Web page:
Aviatrix’s latest post on flying up north talks about crosswind landings. When I was a student pilot, and for a while after I got my PPL, I found crosswind landings fairly difficult. Then, one day, I suddenly realized that I’d just landed in a strong crosswind without thinking about it. Much of what I learned during initial training turned out to be of limited value, so I decided to post what actually works for me:
- Almost every landing is really a crosswind landing to some extent, so don’t think of The Crosswind Landing as a special procedure.
- Don’t set up the slip until you’re well below treetop/roof level, and preferably, not until you’re in the flare. The winds at 100 ft (or even 50 ft or 20 ft) may have little or nothing to do with the winds you’ll be landing in. I’ve often had a ferocious crosswind on the turn from base to final that faded to almost nothing by the time I touched down (even the windsock is too high to get the touchdown winds for a 172 or PA-28).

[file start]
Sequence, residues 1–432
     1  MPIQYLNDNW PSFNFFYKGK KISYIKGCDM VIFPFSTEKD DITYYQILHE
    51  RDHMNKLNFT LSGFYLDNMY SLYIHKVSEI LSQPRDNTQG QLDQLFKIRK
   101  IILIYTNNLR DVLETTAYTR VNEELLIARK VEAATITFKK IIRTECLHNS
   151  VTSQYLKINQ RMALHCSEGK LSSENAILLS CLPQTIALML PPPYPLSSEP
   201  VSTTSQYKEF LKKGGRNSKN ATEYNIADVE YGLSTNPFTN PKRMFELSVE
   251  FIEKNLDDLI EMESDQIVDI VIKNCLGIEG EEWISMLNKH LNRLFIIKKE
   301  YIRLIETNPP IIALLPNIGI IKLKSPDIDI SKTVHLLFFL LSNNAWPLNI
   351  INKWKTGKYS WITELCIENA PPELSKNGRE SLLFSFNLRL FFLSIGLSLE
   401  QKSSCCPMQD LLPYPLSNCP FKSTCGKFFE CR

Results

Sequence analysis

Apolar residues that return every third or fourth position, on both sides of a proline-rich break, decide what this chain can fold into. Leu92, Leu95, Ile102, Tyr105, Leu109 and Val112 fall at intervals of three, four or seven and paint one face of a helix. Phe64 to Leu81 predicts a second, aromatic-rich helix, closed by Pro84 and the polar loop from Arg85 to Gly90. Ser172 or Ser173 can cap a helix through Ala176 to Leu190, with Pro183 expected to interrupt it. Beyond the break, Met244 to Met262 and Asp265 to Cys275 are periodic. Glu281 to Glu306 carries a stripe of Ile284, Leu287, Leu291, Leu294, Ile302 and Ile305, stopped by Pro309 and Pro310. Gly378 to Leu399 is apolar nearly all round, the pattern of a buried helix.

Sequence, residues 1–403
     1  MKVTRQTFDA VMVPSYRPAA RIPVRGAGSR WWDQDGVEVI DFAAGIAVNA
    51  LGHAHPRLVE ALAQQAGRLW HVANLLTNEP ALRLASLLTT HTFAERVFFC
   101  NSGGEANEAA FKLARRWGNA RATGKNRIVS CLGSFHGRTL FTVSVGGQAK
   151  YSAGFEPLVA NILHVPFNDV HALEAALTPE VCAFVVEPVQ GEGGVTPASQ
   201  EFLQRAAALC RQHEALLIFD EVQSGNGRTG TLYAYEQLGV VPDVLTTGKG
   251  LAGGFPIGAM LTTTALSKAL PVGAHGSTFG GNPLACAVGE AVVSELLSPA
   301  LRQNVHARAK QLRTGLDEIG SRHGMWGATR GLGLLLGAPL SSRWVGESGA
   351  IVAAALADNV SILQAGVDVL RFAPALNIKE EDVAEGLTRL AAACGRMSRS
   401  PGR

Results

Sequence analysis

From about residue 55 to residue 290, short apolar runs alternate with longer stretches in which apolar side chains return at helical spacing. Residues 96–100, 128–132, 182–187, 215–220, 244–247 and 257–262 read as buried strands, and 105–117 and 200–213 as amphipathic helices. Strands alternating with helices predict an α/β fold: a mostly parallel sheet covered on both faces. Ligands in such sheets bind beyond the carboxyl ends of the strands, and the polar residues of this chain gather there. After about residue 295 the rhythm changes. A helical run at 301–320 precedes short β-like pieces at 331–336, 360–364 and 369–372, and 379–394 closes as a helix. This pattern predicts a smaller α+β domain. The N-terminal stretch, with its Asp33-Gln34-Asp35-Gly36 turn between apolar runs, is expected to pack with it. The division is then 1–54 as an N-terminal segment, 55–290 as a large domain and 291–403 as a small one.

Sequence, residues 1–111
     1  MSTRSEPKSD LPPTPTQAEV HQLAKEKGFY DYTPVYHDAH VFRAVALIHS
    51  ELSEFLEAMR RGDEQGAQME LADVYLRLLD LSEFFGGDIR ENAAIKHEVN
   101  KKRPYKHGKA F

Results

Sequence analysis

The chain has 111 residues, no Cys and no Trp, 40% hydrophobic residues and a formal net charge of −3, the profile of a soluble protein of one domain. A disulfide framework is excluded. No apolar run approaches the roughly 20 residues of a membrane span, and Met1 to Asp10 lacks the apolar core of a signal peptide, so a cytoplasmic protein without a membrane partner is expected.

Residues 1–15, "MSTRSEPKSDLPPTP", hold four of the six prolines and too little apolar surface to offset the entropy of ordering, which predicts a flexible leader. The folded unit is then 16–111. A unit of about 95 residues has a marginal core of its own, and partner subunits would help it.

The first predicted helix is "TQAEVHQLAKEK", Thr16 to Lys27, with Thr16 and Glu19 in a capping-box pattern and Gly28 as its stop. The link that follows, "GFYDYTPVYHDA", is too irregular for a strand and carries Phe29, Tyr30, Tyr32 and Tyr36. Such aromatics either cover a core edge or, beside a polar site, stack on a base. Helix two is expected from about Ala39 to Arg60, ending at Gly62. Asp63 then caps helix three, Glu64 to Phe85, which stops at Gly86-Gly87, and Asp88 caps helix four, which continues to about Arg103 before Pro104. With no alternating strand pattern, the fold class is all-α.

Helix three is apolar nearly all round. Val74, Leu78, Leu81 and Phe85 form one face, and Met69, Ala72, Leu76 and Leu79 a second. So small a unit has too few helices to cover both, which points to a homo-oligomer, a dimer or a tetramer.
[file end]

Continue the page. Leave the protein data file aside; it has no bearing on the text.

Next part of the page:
- In the flare (for any landing), think of the controls differently — use the ailerons to slide the plane left/right so that it stays over the centreline, and use the rudder to keep the nose pointing straight forward. Don’t worry about a slip per se — it will just be the natural result of these inputs.
- (Advanced) If the crosswind is very strong, back off on the rudder a bit and flare in a crab, then kick the rudder hard to straighten the nose just before the wheels touch. Don’t try this until you’re pretty comfortable (and probably never in a taildragger, unless you enjoy ground loops).
By the way, I always land with full flaps, even in a strong crosswind. The only time I don’t use flaps is when I’ve seen any trace of icing during flight — if, for some reason, there’s undetected ice on the stabilator/horizontal stabilizer, dropping flaps can cause a tail stall [video], which is almost never recoverable close to the ground.